Why Hillary Clinton's campaign survives in one picture

hillary press corps

What is this picture? This is a picture of the press corps that follows Hillary Clinton on the campaign trail.

A few dozen reporters who regularly cover Hillary Clinton gathered last August to watch the first GOP debate at her headquarters in Brooklyn. MSNBC’s Alex Seitz-Wald stopped for a moment and looked around.

A second later, he realized what seemed strange: He was the only man in the room.

At least 18 national media outlets have female reporters on the Clinton beat, across print, online, radio and TV, according to a POLITICO survey. Some, such as NBC, have as many as three. Local outlets in Iowa and New Hampshire have female reporters on Clinton, as well. No one can remember a political press corps this heavily female.

“If you go back to the ‘Boys on the Bus,’ there were so few women,” said NBC’s Andrea Mitchell, referring to Timothy Crouse’s seminal look at the frat-like atmosphere on the campaign trail, circa 1972.

“In 2008, I was one of the only women in [Clinton’s] traveling press corps,” recalled Amy Chozick of The New York Times, ticking off names of the reporters covering Clinton’s first presidential race. “Wow, it was pretty male then. So what’s changed?”

(As an aside, if you are a non-British male with a hyphenated last name then there are actually no men in the room)

What happens when you have white left-wing feminist, pro-abort reporters following a white left-wing feminist, pro-abort candidate about the country? Fawning coverage. While Hillary’s campaign complains of negative coverage, that coverage isn’t coming from the political reporters covering her. It is coming from other reporters looking at the shenanigans she was involved it while Secretary of State.

How about Hillary’s interviews:

Clinton has also chosen a disproportionate number of female reporters for her first extended interviews. Jennifer Jacobs of The Des Moines Register, Kay Henderson of Radio Iowa, Brianna Keilar of CNN, Univision’s Maria Elena Salinas and NBC’s Mitchell all got early sitdowns with Clinton after she wrapped up her “listening tour” and agreed to do more media.

Keilar pointed out that Clinton was simply going to reporters who had been on the trail with her day by day — and they were almost all women. But some of the female reporters said they felt Clinton’s choice of female journalists seemed calculated to reach female voters, or at least prompt a discussion of women’s issues, given that Clinton is such a famous figure that she could call up just about any journalist or anchor for an interview.

“I don’t think that’s by accident. It’s by design and that’s obviously a part of her campaign strategy,” said NBC’s Clinton embed, Monica Alba.

Do you think any news organization would let this go unremarked for a male GOP candidate? Do you think they would blithely go along with it? What is more, through intimidation or affinity, the mostly woman and Alex Seitz-Wald press corps give Clinton a pass on things that they would report on with a male candidate:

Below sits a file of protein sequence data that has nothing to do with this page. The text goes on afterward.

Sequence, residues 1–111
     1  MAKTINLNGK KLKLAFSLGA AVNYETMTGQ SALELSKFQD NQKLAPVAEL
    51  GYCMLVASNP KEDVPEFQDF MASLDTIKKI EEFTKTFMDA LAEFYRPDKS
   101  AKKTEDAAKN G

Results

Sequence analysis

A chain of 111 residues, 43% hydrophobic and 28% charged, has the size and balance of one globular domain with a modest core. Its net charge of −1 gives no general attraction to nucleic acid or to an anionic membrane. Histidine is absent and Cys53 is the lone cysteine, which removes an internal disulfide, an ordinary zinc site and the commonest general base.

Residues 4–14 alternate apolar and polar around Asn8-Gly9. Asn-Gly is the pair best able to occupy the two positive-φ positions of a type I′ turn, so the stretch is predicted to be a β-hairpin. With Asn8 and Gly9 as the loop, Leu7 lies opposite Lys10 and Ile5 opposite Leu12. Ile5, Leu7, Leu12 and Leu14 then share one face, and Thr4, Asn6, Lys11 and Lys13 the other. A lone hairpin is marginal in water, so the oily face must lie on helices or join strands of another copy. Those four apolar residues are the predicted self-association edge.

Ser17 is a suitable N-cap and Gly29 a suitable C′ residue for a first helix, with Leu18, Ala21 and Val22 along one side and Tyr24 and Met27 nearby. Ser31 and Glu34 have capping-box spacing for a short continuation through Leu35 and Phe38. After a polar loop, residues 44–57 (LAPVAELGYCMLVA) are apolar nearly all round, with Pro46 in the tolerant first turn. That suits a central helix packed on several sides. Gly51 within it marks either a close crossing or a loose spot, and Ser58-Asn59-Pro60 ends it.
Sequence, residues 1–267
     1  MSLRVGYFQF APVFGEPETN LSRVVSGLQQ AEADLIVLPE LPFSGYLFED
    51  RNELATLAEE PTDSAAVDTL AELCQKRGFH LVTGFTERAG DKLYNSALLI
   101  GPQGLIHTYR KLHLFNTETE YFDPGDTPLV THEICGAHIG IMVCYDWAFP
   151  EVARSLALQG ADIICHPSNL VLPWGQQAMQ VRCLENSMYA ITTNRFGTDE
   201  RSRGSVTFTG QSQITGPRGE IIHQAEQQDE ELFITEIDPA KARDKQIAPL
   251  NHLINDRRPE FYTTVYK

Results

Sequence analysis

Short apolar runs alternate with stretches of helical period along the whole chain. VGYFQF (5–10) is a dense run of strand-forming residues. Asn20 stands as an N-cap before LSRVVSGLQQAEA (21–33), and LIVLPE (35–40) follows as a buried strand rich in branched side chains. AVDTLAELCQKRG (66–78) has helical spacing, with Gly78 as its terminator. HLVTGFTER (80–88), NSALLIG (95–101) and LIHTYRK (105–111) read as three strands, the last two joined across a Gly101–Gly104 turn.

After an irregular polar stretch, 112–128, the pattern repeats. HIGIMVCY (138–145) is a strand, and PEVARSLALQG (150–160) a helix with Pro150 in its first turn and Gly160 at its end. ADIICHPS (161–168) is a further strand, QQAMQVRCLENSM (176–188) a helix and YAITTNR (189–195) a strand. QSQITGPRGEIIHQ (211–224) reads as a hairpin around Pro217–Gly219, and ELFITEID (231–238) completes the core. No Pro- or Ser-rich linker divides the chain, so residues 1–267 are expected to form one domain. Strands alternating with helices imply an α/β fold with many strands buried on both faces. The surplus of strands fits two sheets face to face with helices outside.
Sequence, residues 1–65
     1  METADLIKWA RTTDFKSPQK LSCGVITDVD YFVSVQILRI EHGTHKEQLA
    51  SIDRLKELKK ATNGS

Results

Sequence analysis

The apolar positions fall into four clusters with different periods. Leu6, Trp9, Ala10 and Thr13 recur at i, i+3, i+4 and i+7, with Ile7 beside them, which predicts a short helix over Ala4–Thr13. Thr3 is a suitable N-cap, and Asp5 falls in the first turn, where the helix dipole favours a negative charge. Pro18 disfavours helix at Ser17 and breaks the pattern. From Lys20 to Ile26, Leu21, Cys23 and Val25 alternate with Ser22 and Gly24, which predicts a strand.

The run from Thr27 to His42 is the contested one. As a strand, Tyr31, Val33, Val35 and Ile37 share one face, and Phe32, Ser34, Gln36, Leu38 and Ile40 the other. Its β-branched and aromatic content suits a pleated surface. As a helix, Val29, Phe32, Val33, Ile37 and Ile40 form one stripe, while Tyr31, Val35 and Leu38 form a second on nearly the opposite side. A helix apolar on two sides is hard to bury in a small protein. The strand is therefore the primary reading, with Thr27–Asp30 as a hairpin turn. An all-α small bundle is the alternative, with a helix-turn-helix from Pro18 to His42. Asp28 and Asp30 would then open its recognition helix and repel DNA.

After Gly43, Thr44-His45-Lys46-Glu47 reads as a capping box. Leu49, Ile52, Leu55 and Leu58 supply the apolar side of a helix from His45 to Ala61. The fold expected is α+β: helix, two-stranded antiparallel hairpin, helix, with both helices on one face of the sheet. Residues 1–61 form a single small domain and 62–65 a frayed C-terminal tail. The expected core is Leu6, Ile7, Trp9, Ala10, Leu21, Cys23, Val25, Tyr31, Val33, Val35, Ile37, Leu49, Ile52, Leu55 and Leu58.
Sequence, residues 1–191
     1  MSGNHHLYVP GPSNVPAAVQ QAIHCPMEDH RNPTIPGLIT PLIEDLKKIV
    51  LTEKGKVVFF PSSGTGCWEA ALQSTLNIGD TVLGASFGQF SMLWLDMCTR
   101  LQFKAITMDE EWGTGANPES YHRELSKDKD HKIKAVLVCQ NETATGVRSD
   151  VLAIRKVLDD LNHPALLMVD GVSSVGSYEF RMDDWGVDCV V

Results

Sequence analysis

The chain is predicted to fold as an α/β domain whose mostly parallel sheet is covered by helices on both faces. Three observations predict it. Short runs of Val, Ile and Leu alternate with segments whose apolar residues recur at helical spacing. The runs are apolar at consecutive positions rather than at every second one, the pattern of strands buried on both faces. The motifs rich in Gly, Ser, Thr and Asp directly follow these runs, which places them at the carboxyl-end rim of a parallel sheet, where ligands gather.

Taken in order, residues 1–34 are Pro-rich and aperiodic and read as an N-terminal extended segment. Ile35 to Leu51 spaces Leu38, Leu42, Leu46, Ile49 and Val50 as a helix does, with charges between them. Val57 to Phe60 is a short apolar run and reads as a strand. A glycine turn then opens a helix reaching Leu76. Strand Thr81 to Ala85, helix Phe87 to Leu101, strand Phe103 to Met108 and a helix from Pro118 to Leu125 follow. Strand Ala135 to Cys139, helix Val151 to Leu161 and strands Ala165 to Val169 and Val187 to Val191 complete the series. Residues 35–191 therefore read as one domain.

Still, some have discovered the hard way that being a female reporter covering a female candidate does nothing to shield one from accusations of sexism. NPR’s Tamara Keith recalled a story in which she referred to an infamous news conference with Clinton in the 1990s in which Clinton wore a pink outfit — a garish, very 1990s look, Keith remarked in an interview. The letters accusing Keith of sexism poured in.

“We actually had to do a letters segment there were so many letters,” said Keith. “I had to come on air and try to explain why I had used that, why I had described what she was wearing. Sometimes what someone is wearing is interesting and relevant.”

Chozick said she sometimes receives vitriolic notes and comments from other women who tell her that there’s a “special place in hell” for women who work to bring down other women.

When it comes to details about the candidate that could be perceived as sexist, from her appearance to her emotions, many of the reporters said they aim to treat Clinton as they would a man. Some even have self-imposed bans on never writing about Clinton’s appearance. But being a woman reporting on another woman leads to unavoidable differences from male colleagues who cover the same candidate.

Fox News’ Tamara Gitt added: “I think, as a woman, if you hear someone talk, whether man or woman, talk about women’s issues it might resonate with you more in that you might focus or hear it more, maybe more so than a man.” Gitt quickly added, “It definitely doesn’t affect how we report on her, though.”

It definitely doesn’t. Really. It doesn’t. There is no way it affects your coverage.